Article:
Under Oregon law, a plaintiff may not recover for purely emotional or psychic injury in a claim for negligent infliction of emotional distress, absent a special relationship, unless that plaintiff also suffered a direct accompanying injury to his or her person. This principle, which has become known as the “physical impact rule,” has been in effect in Oregon since the 1940s.[i]
In 1986, the Oregon Supreme Court was poised to review the rule in Saechao v. Matsakoun, a case where the Court of Appeals, in a divided 6-4 en banc decision, held that child siblings who witnessed a motorist negligently run over and kill their brother could not recover because they were not physically impacted in the collision.[ii] After the Supreme Court granted review, but before oral argument was scheduled to be held, the parties settled the matter, thereby precluding the Court from revisiting the rule. Since then, the rule has seen continued application by Oregon appellate courts.[iii]
Just last week, however, the Supreme Court took review of a case challenging the rule. The case, Philibert v. Kluser,[iv] involves two young children who witnessed their brother die after being struck in a crosswalk. The Oregon Court of Appeals summarily affirmed the dismissal of a claim for negligent infliction of emotional distress, citing Saechao. The Supreme Court granted review, and framed the issue as follows: “Under what circumstances, if any, can a person who suffers emotional trauma from witnessing negligently-caused harm to another person recover for that injury?”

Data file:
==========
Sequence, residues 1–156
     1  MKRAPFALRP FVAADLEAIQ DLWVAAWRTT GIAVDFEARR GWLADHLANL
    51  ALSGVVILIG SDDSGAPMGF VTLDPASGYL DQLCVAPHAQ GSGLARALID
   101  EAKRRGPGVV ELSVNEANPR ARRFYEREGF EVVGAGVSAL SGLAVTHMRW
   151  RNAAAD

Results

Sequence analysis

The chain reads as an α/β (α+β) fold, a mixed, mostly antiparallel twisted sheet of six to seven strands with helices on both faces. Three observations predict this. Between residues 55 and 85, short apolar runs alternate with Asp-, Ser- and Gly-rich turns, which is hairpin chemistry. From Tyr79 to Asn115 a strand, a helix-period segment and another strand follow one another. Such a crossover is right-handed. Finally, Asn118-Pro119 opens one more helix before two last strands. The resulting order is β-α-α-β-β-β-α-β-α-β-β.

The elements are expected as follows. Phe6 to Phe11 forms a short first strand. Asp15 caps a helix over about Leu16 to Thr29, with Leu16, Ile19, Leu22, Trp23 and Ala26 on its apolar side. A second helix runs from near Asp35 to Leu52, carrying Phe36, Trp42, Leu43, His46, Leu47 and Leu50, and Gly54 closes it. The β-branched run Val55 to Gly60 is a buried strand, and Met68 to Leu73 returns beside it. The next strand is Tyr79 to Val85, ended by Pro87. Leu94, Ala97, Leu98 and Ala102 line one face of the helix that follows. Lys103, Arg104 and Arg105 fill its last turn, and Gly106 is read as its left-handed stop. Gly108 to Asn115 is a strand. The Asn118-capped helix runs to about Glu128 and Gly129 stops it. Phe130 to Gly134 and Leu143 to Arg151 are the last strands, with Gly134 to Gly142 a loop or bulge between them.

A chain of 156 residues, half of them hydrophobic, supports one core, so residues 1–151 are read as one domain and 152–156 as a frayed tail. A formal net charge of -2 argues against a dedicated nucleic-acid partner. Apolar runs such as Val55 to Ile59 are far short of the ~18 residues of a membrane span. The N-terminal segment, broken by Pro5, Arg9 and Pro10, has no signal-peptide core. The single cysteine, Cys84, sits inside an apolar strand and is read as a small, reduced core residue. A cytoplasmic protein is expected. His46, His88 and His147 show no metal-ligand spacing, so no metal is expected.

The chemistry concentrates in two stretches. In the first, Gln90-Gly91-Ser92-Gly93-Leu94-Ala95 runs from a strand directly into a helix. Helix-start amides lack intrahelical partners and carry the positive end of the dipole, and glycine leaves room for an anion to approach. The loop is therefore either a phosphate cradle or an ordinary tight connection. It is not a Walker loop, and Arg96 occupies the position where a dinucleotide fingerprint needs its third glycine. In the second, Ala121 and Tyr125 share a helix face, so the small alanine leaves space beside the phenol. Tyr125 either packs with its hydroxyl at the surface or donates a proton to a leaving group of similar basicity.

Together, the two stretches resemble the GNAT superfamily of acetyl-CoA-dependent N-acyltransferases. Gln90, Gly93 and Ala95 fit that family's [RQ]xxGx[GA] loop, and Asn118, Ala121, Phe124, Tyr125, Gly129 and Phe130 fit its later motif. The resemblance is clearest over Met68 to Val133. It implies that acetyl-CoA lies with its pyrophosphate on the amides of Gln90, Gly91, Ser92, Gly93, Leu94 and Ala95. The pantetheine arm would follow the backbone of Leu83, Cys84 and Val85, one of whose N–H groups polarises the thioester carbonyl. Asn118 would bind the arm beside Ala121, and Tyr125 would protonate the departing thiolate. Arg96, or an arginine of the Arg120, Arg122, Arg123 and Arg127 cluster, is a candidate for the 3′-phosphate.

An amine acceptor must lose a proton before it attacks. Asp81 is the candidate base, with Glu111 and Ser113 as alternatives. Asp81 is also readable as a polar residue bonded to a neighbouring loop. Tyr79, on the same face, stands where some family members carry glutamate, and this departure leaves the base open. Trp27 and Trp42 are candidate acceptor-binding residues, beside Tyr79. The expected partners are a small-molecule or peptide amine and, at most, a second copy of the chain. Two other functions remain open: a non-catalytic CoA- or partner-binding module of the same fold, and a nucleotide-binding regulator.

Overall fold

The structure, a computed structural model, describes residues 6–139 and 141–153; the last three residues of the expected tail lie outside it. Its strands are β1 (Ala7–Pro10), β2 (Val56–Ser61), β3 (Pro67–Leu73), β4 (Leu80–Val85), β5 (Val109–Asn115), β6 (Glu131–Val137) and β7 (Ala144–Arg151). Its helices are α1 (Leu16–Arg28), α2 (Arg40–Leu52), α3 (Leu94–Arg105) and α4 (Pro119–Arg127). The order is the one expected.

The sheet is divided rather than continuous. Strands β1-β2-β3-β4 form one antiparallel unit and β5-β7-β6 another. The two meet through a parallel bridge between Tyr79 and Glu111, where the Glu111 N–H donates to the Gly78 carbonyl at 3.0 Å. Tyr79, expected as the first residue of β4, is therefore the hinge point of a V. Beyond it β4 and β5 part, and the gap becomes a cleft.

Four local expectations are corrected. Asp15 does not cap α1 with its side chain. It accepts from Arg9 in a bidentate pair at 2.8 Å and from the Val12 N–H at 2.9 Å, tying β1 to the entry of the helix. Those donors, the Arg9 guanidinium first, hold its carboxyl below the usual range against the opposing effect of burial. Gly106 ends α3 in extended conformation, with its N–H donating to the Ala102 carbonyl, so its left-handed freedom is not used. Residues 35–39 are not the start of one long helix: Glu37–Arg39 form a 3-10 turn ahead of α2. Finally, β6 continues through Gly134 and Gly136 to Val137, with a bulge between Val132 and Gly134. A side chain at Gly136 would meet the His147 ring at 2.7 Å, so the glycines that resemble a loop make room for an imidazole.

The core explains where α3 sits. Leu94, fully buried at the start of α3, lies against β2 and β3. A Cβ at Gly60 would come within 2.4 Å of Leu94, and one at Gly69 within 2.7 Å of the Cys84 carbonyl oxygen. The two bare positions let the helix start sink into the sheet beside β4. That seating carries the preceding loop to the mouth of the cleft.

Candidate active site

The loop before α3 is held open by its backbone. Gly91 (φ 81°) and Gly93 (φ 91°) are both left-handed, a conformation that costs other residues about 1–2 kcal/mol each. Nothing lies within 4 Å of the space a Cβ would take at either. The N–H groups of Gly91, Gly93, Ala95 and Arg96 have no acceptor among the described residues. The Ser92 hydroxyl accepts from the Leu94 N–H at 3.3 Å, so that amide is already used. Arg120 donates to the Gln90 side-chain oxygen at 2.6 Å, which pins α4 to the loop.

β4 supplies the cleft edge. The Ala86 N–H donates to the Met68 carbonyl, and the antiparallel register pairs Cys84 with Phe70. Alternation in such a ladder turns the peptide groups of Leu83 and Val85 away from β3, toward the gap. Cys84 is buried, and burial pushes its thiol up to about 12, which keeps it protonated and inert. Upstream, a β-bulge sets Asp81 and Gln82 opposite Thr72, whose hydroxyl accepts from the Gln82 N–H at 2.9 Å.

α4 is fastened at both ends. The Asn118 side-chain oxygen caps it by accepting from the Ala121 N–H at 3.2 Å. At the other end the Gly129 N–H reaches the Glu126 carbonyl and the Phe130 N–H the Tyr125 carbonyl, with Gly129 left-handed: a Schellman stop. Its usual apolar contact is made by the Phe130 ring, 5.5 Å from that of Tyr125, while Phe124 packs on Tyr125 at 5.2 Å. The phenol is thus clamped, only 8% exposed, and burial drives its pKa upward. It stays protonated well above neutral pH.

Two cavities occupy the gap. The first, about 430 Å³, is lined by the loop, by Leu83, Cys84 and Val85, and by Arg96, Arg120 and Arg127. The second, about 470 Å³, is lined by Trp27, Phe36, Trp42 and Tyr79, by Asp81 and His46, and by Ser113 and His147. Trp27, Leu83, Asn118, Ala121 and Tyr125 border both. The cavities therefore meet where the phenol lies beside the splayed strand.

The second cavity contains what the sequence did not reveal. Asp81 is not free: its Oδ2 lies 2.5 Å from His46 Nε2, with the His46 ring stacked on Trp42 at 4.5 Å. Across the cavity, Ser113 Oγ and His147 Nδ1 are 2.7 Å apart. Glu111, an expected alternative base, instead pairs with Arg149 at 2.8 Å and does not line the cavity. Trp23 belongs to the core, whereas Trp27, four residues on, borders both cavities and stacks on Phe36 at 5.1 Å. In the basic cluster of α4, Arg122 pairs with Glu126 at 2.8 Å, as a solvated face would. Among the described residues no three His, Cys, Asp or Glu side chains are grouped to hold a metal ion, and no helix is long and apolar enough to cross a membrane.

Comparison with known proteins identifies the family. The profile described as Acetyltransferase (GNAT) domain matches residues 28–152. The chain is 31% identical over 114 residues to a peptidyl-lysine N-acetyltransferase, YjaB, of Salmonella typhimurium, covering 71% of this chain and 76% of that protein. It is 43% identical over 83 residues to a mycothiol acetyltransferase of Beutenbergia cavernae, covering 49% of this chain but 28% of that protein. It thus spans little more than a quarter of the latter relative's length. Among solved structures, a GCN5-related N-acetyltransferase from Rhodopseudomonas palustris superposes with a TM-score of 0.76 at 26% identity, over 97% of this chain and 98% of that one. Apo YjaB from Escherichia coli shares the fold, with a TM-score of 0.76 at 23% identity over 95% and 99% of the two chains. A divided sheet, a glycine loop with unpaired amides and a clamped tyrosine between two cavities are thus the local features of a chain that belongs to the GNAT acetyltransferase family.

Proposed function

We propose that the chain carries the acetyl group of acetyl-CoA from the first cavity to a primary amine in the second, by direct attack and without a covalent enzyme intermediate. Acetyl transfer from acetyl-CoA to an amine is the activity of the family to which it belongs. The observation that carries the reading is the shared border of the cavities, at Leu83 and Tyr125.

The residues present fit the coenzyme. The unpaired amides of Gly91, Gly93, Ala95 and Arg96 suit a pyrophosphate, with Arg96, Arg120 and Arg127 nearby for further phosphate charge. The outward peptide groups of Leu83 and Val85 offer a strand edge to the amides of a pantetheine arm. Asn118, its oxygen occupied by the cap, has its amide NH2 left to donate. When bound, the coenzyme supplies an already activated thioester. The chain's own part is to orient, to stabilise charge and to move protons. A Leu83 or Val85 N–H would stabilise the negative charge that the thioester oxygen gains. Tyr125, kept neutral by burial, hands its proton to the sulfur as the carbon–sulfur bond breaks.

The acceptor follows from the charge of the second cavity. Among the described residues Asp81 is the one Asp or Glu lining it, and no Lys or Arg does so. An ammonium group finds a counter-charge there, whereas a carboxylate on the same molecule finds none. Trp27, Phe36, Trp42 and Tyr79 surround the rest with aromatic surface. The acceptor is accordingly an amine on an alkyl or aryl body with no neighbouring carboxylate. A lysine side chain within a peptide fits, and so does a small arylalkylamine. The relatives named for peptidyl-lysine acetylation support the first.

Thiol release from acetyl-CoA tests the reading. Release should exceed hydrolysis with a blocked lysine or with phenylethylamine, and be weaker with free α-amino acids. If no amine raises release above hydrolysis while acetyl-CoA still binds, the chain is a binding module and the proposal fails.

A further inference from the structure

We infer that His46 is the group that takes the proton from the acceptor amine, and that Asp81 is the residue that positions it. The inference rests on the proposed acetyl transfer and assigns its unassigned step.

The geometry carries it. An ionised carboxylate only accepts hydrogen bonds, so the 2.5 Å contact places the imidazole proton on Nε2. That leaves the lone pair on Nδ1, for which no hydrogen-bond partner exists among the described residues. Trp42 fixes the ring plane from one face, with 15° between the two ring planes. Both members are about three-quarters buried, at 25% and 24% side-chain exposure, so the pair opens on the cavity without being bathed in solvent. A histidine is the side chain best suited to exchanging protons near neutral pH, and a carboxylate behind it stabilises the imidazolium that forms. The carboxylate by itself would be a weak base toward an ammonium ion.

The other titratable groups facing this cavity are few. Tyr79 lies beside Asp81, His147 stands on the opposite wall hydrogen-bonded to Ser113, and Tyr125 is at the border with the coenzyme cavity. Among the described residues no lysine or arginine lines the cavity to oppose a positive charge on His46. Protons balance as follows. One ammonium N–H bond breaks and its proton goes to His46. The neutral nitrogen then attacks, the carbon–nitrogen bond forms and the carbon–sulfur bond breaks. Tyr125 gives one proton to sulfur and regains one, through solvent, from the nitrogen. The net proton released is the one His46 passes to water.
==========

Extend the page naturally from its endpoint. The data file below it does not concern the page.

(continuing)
The petitioners request that the Supreme Court disavow the physical impact rule and replace it with the more-common “zone of danger” test. In general, this test allows for recovery where the claimant was placed in immediate risk of physical harm by the defendant’s negligence and is frightened by the risk of harm.[v] Depending on the jurisdiction, the zone of danger test may include other elements that limit the right of recovery even more.
If the Court rejects the physical impact rule in favor of some other rule that is more favorable to plaintiffs, such as the “zone of danger” test, this could open the door to a lot of new claims.
[i] See Fehely v. Senders, 170 Or 457, 461, 135 P.2d 283 (1943) (holding that some form of physical injury is required before a plaintiff may recover for emotional distress). The Supreme Court has reiterated the rule over the years. See, e.g., Hammond v. Central Lane Communications Center, 312 Or 17, 23, 816 P.2d 593 (1991) (“[W]e have not yet extended liability for ordinary negligence to solely psychic or emotional injury not accompanying any actual or threatened physical harm or any injury to another legally protected interest.”) (Quoting Norwest v. Presbyterian Intercommunity Hosp., 293 Or 543, 558-59, 652 P.2d 318 (1982)).
[ii] Saechao v. Matsakoun, 78 Or App 340, 346, 717 P.2d 165 (1986), review granted, 301 Or 320, 721 P.2d 1388, review dismissed, 302 Or 155, 727 P2d 126 (1986)
[iii] See, e.g., Simons v. Beard, 188 Or App 370, 376, 72 P.3d 96 (2003) (discussing the rule); Chouinard v. Health Ventures, 179 Or App 507, 514-15, 39 P.3d 951 (2002) (“Consistently with Fehely, we have referred to the physical impact rule as requiring a ‘physical injury’ that gives rise to emotional distress.”); Tomlinson v. Metro. Pediatrics, LLC, 275 Or App 658, 680, 366 P.3d 370 (2015) (“The physical impact rule requires some perceptible physical effect on a plaintiff.”).
[iv] 274 Or App 195, 361 P.3d 610 (2015).
[v] Consolidated Rail Corp. v. Gottshall, 512 U.S. 532, 548 (1994).